Tropical Fish Keeping - Aquarium fish care and resources

Tropical Fish Keeping - Aquarium fish care and resources (http://www.tropicalfishkeeping.com/)
-   Beginner Planted Aquarium (http://www.tropicalfishkeeping.com/beginner-planted-aquarium/)
-   -   Possible Black Hair Algae Problem (http://www.tropicalfishkeeping.com/beginner-planted-aquarium/possible-black-hair-algae-problem-56482/)

sharkbait23 11-30-2010 04:29 PM

Possible Black Hair Algae Problem
 
I just started noticing this stuff growing on some of my plants. My tank is pretty heavily planted, but has always been pretty green and flourishing. This just happened within a couple of days now. I have some algae killer stuff that I could add. But I also have a Mystery Snail in my tank, will the algae stuff hurt him? I have my lights on a timer set to stay on for 8 hours could that be the cause? Should I set it for 6 hours?

PH:7.0
Ammonia:0ppm
Nitrite:0ppm
Nitrate:10ppm
20% Water Changes Weekly






http://www.tropicalfishkeeping.com/m...-1417-9916.jpg

redchigh 11-30-2010 05:20 PM

Do not add algae killer.

How long has the tank been running?

sharkbait23 11-30-2010 06:38 PM

The tank has been running for about 4 months just fine. Everything has been stable so far.

SinCrisis 12-01-2010 01:17 PM

mmm looks like staghorn, dosing excel will help, cut off infected leaves, dose excel and it should clear up the leftovers. Just be careful with the excel dosage.

You still need to figure out what is not in balance in your tank, ie too much nitrates, too much light, not enough circulation, not enough co2, etc. The excel dose will help your plants way out compete the algae and the carbon added will slow the growth of the algae, but its just a temporary cure.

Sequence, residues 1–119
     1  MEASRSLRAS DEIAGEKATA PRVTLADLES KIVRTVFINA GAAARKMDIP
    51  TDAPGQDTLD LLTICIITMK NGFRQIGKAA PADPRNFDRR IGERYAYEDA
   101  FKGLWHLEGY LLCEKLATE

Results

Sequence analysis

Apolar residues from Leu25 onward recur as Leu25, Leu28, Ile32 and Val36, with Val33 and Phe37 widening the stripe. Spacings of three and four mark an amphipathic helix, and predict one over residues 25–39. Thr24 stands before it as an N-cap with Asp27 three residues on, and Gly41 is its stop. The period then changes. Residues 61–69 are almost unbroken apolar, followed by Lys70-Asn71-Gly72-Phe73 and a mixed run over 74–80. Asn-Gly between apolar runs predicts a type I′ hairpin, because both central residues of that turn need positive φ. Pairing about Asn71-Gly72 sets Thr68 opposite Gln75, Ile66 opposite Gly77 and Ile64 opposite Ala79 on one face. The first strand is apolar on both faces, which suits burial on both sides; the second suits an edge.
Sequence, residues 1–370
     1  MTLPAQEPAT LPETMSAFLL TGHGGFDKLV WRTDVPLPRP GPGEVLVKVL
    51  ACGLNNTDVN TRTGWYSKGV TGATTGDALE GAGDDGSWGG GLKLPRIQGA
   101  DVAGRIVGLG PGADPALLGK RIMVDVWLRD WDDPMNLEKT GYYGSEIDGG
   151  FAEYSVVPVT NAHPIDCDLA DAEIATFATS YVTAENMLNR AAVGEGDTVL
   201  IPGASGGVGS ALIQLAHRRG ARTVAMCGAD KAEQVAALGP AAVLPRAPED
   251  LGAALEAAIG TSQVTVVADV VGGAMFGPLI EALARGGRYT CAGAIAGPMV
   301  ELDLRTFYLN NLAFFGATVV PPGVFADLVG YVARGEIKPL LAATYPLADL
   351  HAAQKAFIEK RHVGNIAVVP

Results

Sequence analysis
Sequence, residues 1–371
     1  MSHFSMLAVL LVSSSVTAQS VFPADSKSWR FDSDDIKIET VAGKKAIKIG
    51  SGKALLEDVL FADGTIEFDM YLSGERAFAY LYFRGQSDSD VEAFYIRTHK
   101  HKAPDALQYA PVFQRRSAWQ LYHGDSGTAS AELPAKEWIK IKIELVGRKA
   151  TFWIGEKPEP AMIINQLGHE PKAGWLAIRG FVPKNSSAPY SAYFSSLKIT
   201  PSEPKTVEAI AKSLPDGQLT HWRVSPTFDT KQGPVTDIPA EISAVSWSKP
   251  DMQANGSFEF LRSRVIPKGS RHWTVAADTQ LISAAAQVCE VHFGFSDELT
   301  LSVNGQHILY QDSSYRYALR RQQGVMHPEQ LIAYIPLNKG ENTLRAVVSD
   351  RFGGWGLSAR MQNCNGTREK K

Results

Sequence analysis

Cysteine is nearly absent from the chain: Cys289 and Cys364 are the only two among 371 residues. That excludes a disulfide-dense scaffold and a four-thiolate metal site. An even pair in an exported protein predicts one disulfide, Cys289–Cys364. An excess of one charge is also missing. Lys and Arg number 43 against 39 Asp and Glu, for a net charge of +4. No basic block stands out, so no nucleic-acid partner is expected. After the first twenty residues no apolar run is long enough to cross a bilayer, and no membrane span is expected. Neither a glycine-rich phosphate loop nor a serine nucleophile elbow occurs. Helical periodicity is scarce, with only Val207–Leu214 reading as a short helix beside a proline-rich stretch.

Byron 12-01-2010 06:09 PM

I know Excel is often suggested as a treatment for algae control but this is not something I recommend. And as has been mentioned, it is only a quick fix, the root of the issue must be addressed.

Algae occurs due to excess light. If the plants have insufficient nutrients to balance the light, algae will take advantage. Increasing carbon via Excel is affecting the balance you have (or should have) by adding a lot of one nutrient (carbon). Unless you also up the light and increase all the other nutrients, it will not be balanced.

Also, Excel does not always work on the algae; Seachem themselves do not recommend it for this purpose. There have been some members here who had issues and took my advice to discontinue Excel and noticed a vast improvement in plants and less algae. There are many biological issues at work in an aquarium, and adding as little "stuff" as possible and letting the natural biological equilibrium become established is usually better.

I see the light is on 8 hours, I wouldn't reduce that yet; what fertilizers are you adding, if any, and how often? Nitrates are OK, though in planted tanks often less; is the tank fairly well planted? Have you tested your tap water for nitrates? Last point on nitrate, if you use the API kit, shake regent #2 for 2 minutes, not just 30 seconds as the instructions say; false and high readings frequently result if the regent #2 is not shaken 2 minutes.